3.5 Summary of Section 3

  1. Protein domains allow segregation of different functions in the same protein. They can have a binding function, a structural function or a catalytic function.

  2. Binding domains mediate interactions between proteins of related function (such as those in a signalling cascade) and often are important in regulation of activity. Interactions via these binding domains are often dependent on the phosphorylation state of one of the binding partners. Exa
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The loss of a DNA base causes an abasic site

Hydrolysis of the deoxyribose Cl'–base linkage results in the complete loss of a purine or pyrimidine base, resulting in what is called an abasic site, an event with obvious genetic consequences. This hydrolysis reaction is much more likely to occur at purine bases, resulting in depurination of the DNA (Table 3a<
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4.3 Hairpin formation and micro-RNAs

A class of small RNA molecules called micro-RNAs (miRNAs) has been identified in recent years. The roles of these small RNAs are only just beginning to be understood, but many are expressed only at specific developmental stages. Indeed, the first observations of miRNAs were made in C. elegans because of their mutant developmental phenotypes. The genes that encode these miRNAs are called mir genes (pronounced ‘meer’) and have now been identified within the genomes of v
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10.1 Media coverage of the MMR controversy

Hargreaves, I., Lewis, J. and Speers, T. ‘Towards a better map: Science, the public and the media’, Economic and Social Research Council.

Unlike the other two stories, the MMR coverage conforms to a more conventional news pattern in which a story breaks, generates discussion and debate, then fades away. Of the 561 stories on MMR recorded over a seven and a half month period, 56 percent of the entire sample appeared in one month between 28 January and 28 February. Coverage was
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1.2 Ethical examples

But is this a tenable position? In other words, is it only the people who use the technologies who carry the ethical burden? Conversely, is ethics of any interest to engineers, programmers and scientists? What, in the first place, constitutes an ethical issue? To begin examining these questions, let's look at some examples.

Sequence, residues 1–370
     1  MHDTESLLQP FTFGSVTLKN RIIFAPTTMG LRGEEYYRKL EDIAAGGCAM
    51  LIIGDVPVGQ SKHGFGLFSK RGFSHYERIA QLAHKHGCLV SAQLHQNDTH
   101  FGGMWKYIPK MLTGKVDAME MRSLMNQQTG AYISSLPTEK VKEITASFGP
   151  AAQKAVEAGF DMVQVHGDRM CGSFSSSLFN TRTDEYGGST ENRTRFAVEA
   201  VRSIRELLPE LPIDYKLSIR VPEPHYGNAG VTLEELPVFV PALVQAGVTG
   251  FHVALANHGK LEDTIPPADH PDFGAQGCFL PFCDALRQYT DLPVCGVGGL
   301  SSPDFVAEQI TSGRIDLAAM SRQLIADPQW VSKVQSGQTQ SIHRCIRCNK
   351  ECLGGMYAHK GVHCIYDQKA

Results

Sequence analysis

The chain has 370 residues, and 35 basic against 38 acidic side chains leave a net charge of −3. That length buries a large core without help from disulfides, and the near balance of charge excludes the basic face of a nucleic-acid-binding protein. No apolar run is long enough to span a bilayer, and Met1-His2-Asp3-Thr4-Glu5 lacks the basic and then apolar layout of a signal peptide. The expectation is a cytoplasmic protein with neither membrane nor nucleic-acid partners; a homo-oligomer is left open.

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3.3 Binding domains in intracellular signalling proteins

The study of intracellular signalling pathways has highlighted the importance of multidomain architecture in protein function and some of the best-characterised binding/regulatory domains are those of signalling proteins.

Signalling pathways serve to communicate extracellular signals, usually recognised and transduced by specific membrane proteins, to effector proteins inside the cell and hence to elicit an appropriate response. Proteins in a signalling pathway are therefore required to
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4.3 Conserved protein domains

By comparing the extensive protein databases, it is possible to identify many thousands of conserved domains. For example, within eukaryotes, over 600 domains have been identified with functions related to nuclear, extracellular and signalling proteins. The majority of conserved domains are evolutionarily ancient, with less than 10% being unique to vertebrates.

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4.4 Other Wenlock Limestone fossils

Among the other fossils common in the Wenlock Limestone are brachiopods (Figure 12a and b), gastropods (Figure 12c) and bryozoans (Figure 12d). You may need to reread Section 1.3 to remind yourself about various aspects of these groups.

Figure 13 (the course image) is a reconstruction of a typical scene from a Wenlock Limestone environment. Se
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3.4 Modular multiplication

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